Added mass in human swimmers: age and gender differences
Journal article, Peer reviewed
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- Artikler / Articles 
OriginalversjonJournal of Biomechanics. 2010, 43(12), 2369-2373
In unstationary swimming (changing velocity), some of the water around the swimmer is set in motion. This can be thought of as an added mass (Ma) of water. The purpose of this study was to find added mass on human swimmers and investigate the effect of shape and body size. Thirty subjects were connected to a 2.8 m long bar with handles, attached with springs (stiffness k=318 N/m) and a force cell. By oscillating this system vertically and registering the period of oscillations it was possible to find the added mass of the swimmer, given the known masses of the bar and swimmer. Relative added mass (Ma%) for boys, women and men were, respectively, 26.8±2.9%, 23.6±1.6% and 26.8±2.3% of the subjects total mass. This study reported significantly lower added mass (p<0.001) and relative added mass (p<0.002) for women compared to men, which indicate that the possible body shape differences between genders may be an important factor for determining added mass. Boys had significantly lower (p<0.001) added mass than men. When added mass was scaled for body size there were no significant differences (p=0.996) between boys and men, which indicated that body size is an important factor that influences added mass. The added mass in this study seems to be lower and within a smaller range than previously reported ([Klauck, 1999] and [Eik et al., 2008]). It is concluded that the added mass in human swimmers, in extended gliding position, is approximately 1/4 of the subjects’ body mass.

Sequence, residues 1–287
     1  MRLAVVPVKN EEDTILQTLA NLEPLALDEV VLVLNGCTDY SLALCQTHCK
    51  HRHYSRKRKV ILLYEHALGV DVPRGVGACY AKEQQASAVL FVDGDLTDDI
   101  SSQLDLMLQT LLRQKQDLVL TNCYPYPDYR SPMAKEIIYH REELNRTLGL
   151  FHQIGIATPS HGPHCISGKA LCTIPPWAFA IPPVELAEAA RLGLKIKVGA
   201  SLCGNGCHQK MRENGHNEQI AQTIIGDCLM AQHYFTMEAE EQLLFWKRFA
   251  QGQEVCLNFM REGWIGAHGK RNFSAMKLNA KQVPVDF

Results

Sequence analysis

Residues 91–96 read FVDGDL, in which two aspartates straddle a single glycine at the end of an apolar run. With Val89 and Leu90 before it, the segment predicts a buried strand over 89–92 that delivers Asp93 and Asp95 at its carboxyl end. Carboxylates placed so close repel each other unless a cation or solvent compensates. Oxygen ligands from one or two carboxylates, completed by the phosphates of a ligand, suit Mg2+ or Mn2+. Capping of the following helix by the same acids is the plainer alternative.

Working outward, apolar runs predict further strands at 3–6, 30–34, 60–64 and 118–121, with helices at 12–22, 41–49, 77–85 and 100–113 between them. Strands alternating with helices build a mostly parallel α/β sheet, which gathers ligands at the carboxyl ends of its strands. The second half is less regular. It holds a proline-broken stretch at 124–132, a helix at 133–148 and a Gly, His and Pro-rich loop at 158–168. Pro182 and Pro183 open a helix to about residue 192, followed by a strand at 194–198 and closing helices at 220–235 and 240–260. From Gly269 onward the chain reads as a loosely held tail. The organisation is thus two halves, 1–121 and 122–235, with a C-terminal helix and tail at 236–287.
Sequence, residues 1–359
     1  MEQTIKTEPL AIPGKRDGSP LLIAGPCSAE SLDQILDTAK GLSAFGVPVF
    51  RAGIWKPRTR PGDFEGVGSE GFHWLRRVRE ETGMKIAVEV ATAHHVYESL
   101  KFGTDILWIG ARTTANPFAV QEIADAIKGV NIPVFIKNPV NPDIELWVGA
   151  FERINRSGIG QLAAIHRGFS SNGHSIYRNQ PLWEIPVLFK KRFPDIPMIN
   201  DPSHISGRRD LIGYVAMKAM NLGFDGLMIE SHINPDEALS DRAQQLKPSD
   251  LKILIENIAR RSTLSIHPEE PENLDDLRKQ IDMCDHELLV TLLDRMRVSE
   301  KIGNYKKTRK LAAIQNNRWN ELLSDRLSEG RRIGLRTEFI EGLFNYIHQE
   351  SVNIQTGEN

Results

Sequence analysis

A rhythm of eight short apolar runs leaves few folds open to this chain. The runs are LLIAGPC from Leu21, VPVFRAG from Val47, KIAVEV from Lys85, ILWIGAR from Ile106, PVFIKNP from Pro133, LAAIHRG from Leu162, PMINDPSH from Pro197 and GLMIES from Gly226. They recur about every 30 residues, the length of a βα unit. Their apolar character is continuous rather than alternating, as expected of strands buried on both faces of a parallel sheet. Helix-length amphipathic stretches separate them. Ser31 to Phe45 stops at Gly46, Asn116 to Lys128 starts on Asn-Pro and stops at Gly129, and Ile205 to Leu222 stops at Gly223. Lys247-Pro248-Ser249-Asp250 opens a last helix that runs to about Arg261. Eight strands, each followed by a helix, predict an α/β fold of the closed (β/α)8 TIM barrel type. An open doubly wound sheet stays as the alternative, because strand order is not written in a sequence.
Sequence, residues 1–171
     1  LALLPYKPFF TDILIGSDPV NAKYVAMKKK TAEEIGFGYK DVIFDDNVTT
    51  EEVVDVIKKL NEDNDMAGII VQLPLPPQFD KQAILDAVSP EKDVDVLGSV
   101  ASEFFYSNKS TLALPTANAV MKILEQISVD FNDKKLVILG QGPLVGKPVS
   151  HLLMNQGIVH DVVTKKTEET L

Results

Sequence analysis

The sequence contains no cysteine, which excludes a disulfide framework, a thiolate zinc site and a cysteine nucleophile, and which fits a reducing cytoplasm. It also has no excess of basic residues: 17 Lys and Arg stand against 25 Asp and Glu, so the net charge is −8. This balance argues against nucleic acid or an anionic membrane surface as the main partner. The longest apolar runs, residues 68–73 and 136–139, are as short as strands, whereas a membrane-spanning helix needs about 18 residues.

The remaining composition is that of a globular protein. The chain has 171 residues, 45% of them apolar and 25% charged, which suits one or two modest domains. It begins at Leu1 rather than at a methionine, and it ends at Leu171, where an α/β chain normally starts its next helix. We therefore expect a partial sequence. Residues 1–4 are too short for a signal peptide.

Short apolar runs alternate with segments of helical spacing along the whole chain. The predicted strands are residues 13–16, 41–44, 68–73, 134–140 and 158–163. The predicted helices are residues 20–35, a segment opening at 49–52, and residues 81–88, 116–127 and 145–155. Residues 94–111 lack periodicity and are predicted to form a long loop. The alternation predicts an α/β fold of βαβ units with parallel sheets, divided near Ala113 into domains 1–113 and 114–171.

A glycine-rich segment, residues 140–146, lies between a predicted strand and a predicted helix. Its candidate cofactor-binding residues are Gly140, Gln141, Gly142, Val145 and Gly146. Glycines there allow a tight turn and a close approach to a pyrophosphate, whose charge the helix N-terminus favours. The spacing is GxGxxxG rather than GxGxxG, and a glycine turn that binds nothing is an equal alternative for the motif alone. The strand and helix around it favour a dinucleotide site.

I Brage finner du siste tekst-versjon av artikkelen, og den kan inneholde ubetydelige forskjeller fra forlagets pdf-versjon. Forlagets pdf-versjon finner du på www.sciencedirect.com: http://dx.doi.org/10.1016/j.jbiomech.2010.04.022 / This is an electronic version of an article published in Sport, Ethics and Philosophy. In Brage you'll find the final text version of the article, and it may contain insignificant differences from the journal's pdf version. The original publication is available at www.sciencedirect.com: http://dx.doi.org/10.1016/j.jbiomech.2010.04.022